Yves Leterme denies cronyism and money squandering allegations

Belgian ex-Prime Minister Yves Leterme has been accused of cronyism and financial squandering by Susan Wood, a former colleague at the International Institute for Democracy and Electoral Assistance 'IDEA'. Today, Mr Leterme denies the allegations, saying that his ex-associate is frustrated, and that all the alleged acts of nepotism and money spoilage were in fact beneficiary to the company. Mr Leterme and IDEA are now considering the possibility of taking Ms Wood to court.

In Swedish newspaper Dagens Nyheter, Susan Wood denounced her dismissal from IDEA, claiming she was fired because she refused to pay a 26,000-euro check to an underachieving Belgian consultant who was hired and protected by Yves Leterme.

Furthermore, Mr Leterme allegedly hired another Flemish applicant who hadn't actually been selected for the position. Finally, he was said to have spent excessive amounts of money (about 600,000 euros) on a political dissertation.

Ms Wood performed inadequately

Today, Mr Leterme fended for himself, declaring that Ms Wood is resentful because her 6-month trial period at IDEA wasn't extended. "This is unusual at an international institution, but unfortunately she'd performed inadequately", he explained.

"The 'over-expensive' dissertation project, concerning former world leaders discussing election procedures, was keenly approved of by the Finance & Audit Committee directed by the Swedish government", said Mr Leterme, who also asserted that the project only cost 500,000 euros.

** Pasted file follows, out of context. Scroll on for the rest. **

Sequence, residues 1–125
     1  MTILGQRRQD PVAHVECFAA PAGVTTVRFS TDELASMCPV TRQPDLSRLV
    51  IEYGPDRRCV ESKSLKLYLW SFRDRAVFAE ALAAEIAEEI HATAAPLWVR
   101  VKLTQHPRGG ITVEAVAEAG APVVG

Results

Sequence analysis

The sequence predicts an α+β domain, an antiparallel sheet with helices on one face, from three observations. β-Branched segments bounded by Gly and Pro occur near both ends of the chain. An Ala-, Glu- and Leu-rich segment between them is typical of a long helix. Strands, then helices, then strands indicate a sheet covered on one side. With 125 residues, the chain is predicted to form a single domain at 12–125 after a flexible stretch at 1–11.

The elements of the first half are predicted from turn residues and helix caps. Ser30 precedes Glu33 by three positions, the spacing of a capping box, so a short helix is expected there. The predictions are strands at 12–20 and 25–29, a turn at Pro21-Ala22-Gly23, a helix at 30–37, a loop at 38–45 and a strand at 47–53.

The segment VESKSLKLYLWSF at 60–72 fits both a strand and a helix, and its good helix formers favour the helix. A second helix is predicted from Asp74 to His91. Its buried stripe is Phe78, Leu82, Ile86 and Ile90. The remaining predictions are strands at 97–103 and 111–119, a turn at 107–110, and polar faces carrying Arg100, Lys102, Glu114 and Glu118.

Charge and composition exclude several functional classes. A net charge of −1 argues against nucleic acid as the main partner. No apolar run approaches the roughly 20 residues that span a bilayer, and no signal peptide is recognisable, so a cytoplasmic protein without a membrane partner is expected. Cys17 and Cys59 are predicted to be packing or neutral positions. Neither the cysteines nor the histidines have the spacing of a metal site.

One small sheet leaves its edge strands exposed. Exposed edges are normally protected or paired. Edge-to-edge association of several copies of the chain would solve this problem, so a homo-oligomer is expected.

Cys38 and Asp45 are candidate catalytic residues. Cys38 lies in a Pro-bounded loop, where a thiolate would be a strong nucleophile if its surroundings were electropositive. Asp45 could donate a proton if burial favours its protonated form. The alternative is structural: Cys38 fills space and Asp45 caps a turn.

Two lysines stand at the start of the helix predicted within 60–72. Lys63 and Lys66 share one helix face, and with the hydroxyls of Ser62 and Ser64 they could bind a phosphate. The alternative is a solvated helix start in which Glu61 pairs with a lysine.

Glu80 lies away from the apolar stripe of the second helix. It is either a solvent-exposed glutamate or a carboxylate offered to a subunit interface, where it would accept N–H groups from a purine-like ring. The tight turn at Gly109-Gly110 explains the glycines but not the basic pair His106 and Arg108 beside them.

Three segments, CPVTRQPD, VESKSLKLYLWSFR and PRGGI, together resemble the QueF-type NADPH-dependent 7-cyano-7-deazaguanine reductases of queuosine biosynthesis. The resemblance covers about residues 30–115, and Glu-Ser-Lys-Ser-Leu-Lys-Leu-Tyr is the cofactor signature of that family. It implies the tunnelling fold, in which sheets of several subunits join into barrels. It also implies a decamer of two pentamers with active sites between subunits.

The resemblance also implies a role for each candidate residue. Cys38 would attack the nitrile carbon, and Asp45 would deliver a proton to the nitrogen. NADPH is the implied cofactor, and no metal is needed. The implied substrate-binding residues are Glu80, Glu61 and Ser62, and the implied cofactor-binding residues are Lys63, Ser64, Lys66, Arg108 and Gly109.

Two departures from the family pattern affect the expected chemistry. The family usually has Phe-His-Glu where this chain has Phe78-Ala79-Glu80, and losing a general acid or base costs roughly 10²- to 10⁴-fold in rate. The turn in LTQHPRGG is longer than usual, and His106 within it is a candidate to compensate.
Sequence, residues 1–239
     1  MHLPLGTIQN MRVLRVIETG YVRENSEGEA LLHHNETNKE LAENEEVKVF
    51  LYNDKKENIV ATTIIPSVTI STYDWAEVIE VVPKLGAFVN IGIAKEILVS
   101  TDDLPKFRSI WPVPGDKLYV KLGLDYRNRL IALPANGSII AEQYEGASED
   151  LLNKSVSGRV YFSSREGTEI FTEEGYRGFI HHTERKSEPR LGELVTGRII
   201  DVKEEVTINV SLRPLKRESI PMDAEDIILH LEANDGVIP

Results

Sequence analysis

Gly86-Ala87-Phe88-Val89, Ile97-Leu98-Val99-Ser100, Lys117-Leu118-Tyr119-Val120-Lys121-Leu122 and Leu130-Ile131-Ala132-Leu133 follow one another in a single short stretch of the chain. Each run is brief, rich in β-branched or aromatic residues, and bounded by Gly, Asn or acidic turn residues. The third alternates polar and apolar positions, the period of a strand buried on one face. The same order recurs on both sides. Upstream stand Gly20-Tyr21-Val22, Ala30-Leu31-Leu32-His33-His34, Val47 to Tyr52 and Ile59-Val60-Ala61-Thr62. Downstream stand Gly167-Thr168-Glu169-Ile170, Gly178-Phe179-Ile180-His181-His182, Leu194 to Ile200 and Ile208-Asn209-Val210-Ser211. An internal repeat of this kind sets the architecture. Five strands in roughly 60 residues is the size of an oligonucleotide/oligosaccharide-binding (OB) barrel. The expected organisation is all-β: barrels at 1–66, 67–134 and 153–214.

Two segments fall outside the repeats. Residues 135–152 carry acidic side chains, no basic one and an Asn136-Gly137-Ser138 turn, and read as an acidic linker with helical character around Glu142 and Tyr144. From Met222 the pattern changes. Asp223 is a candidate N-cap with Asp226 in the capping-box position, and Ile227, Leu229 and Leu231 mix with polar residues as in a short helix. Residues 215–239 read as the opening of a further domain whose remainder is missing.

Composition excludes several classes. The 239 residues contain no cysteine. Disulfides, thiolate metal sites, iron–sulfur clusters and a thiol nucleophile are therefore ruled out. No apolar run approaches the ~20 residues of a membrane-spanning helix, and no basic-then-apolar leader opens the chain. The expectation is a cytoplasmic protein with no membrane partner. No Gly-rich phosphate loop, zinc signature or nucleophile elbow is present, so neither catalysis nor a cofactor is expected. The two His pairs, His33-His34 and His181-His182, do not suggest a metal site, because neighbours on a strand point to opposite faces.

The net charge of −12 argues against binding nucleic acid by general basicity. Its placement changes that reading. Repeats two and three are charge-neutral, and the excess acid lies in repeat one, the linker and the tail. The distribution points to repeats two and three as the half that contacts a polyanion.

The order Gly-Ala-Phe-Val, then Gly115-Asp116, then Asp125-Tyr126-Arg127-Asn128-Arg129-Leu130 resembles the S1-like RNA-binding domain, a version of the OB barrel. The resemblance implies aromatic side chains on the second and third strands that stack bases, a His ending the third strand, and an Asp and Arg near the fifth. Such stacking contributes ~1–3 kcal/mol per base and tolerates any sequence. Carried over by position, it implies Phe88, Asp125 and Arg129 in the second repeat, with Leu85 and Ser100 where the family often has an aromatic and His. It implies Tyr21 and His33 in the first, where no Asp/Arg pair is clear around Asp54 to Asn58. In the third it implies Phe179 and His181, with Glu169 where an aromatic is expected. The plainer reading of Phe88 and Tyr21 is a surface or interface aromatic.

Not crony

Finally, the Belgian ex-PM argues that the consultant he hired was selected according to the correct procedures, and simply offered the best price-quality proportion. "He's the former spokesperson of Guy Verhofstadt (Flemish Liberal Belgian Prime Minister before Mr Leterme, ed.), so he's not even part of my 'political family', and he had the best network", Mr Leterme continues.

"Concerning the Flemish candidate who actually hadn’t been selected for the position: we only hired her because the person who had initially been chosen couldn't start at the right time." Mr Leterme concludes by saying that the Swedish government monitors IDEA, and is not planning to start an investigation after Ms Wood's allegations. "We, on the other hand, are considering taking Ms Wood to court."

What is IDEA?

The International Institute for Democracy and Electoral Assistance was founded in 1995 as a Swedish initiative. IDEA is an international knowledge resource centre concerned with elections, constitution drafting, the extension of political parties, and many other topics. The institute headquarters in Stockholm and represents 28 member states. Sweden pays most of its funds.